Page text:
Colin Farrell plays an intimidating Russian prisoner in the World War II drama "The Way Back," about a group of inmates who escape the Siberian Gulag and must walk more than 4,000 miles to freedom. We caught up with the Irish actor recently and we talked about how he tackles foreign accents and other languages for roles like his "Way Back" character, Valka.
"Accents are tricky sometimes, all the time, potentially," Farrell admitted to MTV News. "They either keep you away or they bring you in. They're either a conduit into a character or they're a fence that keeps you at a distance that you don't want to be," he said.
Farrell explained that he worked with a dialect coach and read Russian poetry to get a feel for the language, which eventually began to flow rather naturally for him.
"It really just initially and unconsciously started affecting the way I moved or sat or [my] facial expressions and just feeling those sounds in my mouth," he said. "Russian to me, to my ignorant ears is an incredibly evocative language and accent, even. If a Russian is speaking English, it's an incredibly evocative sound that's committed each time a Russian opens their mouth."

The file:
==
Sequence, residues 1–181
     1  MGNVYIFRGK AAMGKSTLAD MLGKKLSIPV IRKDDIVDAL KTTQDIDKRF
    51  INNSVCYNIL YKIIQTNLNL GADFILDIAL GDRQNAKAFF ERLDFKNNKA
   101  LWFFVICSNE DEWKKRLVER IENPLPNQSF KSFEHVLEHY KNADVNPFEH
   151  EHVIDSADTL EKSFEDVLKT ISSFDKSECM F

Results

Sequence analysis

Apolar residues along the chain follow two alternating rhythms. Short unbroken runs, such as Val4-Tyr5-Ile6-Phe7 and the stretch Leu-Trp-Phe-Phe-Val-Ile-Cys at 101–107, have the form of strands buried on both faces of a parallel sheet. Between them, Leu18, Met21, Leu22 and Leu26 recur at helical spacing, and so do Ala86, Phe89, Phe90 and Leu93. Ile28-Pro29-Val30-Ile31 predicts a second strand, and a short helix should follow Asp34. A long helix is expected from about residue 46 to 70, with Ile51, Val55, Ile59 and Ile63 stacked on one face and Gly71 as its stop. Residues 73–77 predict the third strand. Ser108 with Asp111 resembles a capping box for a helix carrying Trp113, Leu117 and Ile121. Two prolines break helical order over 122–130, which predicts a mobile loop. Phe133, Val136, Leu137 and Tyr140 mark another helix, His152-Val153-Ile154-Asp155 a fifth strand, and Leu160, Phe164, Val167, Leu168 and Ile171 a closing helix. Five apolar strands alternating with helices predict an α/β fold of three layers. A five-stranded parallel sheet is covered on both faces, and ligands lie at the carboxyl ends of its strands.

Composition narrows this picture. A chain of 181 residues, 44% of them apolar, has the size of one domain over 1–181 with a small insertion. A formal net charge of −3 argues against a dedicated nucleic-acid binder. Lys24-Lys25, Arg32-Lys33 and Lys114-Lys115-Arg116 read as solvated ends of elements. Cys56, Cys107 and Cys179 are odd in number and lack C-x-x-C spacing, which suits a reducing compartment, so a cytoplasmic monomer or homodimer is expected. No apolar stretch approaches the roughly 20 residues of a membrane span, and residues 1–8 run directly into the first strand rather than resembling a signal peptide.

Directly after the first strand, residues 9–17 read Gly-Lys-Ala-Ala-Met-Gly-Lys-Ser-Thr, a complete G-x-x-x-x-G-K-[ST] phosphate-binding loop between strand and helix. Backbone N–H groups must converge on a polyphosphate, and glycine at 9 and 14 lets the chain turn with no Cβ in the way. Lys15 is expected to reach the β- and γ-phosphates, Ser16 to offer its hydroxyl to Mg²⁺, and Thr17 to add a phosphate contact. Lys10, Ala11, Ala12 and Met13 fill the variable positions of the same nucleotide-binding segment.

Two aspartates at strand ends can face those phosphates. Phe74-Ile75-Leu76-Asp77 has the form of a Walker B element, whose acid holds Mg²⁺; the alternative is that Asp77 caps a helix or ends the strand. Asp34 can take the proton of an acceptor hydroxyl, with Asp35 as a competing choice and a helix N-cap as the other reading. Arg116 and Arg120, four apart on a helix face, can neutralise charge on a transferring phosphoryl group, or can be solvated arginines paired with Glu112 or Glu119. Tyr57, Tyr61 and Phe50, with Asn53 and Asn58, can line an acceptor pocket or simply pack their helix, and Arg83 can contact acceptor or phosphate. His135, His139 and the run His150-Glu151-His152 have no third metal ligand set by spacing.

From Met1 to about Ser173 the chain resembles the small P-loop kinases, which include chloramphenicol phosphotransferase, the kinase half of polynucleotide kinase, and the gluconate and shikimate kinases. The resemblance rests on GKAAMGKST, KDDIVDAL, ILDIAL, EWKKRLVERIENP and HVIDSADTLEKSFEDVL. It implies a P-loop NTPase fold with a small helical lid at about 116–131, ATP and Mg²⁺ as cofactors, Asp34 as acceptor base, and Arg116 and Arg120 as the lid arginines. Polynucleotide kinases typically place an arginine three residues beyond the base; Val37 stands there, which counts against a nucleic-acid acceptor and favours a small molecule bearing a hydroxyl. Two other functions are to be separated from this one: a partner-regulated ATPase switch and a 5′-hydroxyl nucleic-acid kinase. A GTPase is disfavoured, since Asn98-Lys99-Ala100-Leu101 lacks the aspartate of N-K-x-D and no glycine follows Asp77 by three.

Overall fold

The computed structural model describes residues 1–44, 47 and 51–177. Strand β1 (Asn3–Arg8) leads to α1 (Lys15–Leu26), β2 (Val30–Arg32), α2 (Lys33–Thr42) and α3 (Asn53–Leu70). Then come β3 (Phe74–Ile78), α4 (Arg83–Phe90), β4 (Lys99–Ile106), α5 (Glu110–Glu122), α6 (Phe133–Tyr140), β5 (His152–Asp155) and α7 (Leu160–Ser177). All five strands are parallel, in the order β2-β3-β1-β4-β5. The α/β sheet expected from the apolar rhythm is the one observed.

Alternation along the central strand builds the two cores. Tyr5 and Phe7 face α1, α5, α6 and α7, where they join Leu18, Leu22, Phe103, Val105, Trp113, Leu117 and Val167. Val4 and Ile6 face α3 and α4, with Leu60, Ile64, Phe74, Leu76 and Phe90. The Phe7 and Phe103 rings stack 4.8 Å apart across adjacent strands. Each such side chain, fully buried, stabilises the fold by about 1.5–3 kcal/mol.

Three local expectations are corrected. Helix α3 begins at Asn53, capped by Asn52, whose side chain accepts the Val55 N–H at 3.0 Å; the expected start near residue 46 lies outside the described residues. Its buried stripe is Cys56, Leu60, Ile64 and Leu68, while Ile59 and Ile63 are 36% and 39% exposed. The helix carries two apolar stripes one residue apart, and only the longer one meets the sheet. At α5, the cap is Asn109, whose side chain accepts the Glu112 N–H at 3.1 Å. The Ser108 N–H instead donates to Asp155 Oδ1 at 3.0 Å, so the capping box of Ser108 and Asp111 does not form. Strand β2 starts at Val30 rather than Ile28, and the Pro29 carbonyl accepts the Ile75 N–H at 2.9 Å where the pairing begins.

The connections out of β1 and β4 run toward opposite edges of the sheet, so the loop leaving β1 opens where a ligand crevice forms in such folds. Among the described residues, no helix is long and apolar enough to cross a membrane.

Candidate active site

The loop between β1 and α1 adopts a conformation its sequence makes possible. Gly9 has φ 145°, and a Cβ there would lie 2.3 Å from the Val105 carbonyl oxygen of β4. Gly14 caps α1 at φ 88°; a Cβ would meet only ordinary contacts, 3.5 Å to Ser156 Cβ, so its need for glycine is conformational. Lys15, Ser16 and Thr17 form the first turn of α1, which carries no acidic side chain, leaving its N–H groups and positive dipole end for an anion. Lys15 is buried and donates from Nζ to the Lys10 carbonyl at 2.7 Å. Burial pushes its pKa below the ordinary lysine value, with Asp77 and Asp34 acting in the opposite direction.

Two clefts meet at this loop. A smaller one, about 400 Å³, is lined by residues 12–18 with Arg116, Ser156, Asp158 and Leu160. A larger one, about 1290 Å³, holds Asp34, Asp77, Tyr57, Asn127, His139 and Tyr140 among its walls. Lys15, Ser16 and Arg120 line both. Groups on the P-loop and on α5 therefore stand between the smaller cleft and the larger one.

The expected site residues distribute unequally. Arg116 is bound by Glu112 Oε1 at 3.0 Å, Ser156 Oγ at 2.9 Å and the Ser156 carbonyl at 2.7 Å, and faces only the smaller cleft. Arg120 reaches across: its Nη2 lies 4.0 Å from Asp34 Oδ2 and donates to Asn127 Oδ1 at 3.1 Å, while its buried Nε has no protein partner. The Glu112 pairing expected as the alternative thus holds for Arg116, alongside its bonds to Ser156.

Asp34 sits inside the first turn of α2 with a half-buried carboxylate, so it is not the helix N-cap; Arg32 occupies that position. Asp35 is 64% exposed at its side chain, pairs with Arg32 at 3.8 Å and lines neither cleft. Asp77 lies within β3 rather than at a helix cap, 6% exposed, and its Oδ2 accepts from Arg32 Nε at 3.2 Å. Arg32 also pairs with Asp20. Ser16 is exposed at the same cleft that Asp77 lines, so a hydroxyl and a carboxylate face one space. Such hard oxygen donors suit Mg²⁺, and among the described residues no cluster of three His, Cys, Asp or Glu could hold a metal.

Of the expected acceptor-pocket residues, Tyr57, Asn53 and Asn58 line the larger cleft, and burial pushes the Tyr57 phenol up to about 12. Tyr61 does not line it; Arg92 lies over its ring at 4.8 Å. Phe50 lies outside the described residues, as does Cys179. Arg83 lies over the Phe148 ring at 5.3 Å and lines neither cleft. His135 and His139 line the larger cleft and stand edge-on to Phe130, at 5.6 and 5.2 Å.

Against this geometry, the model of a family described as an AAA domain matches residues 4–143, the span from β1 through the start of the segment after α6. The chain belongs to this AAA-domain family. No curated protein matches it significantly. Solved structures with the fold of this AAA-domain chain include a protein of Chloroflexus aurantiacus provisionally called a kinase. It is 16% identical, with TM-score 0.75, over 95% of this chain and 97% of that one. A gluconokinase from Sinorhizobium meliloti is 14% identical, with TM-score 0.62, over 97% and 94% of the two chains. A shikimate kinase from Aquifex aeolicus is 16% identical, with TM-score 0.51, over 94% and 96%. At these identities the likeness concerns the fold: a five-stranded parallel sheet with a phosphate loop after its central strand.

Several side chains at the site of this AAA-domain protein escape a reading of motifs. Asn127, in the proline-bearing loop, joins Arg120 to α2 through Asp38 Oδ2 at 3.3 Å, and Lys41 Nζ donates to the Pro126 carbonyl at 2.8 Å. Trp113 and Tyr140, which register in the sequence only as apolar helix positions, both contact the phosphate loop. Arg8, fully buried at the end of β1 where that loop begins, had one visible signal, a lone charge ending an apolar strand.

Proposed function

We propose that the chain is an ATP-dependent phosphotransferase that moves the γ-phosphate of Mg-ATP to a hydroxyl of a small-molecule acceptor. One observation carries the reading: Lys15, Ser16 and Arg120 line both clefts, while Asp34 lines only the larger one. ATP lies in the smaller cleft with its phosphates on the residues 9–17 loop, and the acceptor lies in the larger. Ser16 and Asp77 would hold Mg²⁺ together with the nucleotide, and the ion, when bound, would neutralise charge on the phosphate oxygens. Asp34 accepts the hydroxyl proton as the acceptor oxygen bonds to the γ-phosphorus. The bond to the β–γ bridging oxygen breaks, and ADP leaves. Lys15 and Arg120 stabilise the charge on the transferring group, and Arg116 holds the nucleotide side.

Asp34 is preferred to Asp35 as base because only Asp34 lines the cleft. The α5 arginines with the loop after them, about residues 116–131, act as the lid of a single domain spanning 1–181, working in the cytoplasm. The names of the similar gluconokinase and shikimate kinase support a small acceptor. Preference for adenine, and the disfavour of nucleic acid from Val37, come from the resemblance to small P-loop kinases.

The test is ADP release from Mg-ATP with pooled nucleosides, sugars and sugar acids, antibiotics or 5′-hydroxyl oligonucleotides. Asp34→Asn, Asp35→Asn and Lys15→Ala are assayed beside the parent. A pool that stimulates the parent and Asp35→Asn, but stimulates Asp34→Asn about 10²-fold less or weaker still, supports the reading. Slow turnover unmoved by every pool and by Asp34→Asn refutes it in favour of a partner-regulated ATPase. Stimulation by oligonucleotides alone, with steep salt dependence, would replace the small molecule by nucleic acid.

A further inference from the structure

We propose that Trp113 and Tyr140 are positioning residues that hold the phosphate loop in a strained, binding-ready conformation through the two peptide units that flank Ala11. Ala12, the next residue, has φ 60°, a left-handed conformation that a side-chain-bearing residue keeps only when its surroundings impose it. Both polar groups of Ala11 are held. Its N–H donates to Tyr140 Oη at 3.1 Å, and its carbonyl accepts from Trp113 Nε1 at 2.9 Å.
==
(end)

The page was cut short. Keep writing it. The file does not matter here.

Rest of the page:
The "Way Back" actor said he essentially fell in love with the language.
"It's beautiful and it's hard. There's a sense of hardship, and I say that with absolute humility and lack of judgment," he said. "It's a beautiful language and it gave me my version of it in the film, wherever I got to in the journey of getting there, brought me as close to the character as any other bit of research or any other contemplation of his background."
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